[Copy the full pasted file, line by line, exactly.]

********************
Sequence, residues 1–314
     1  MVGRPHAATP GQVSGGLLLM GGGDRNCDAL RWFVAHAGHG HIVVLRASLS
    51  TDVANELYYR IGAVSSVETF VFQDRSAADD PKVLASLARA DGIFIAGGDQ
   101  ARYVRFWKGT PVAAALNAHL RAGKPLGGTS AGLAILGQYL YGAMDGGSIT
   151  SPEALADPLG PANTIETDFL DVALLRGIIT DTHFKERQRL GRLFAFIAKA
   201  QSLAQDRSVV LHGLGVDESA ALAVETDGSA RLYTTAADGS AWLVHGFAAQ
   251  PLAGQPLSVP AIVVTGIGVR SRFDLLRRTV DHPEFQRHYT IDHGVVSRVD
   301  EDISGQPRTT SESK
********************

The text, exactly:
Sequence, residues 1–314
     1  MVGRPHAATP GQVSGGLLLM GGGDRNCDAL RWFVAHAGHG HIVVLRASLS
    51  TDVANELYYR IGAVSSVETF VFQDRSAADD PKVLASLARA DGIFIAGGDQ
   101  ARYVRFWKGT PVAAALNAHL RAGKPLGGTS AGLAILGQYL YGAMDGGSIT
   151  SPEALADPLG PANTIETDFL DVALLRGIIT DTHFKERQRL GRLFAFIAKA
   201  QSLAQDRSVV LHGLGVDESA ALAVETDGSA RLYTTAADGS AWLVHGFAAQ
   251  PLAGQPLSVP AIVVTGIGVR SRFDLLRRTV DHPEFQRHYT IDHGVVSRVD
   301  EDISGQPRTT SESK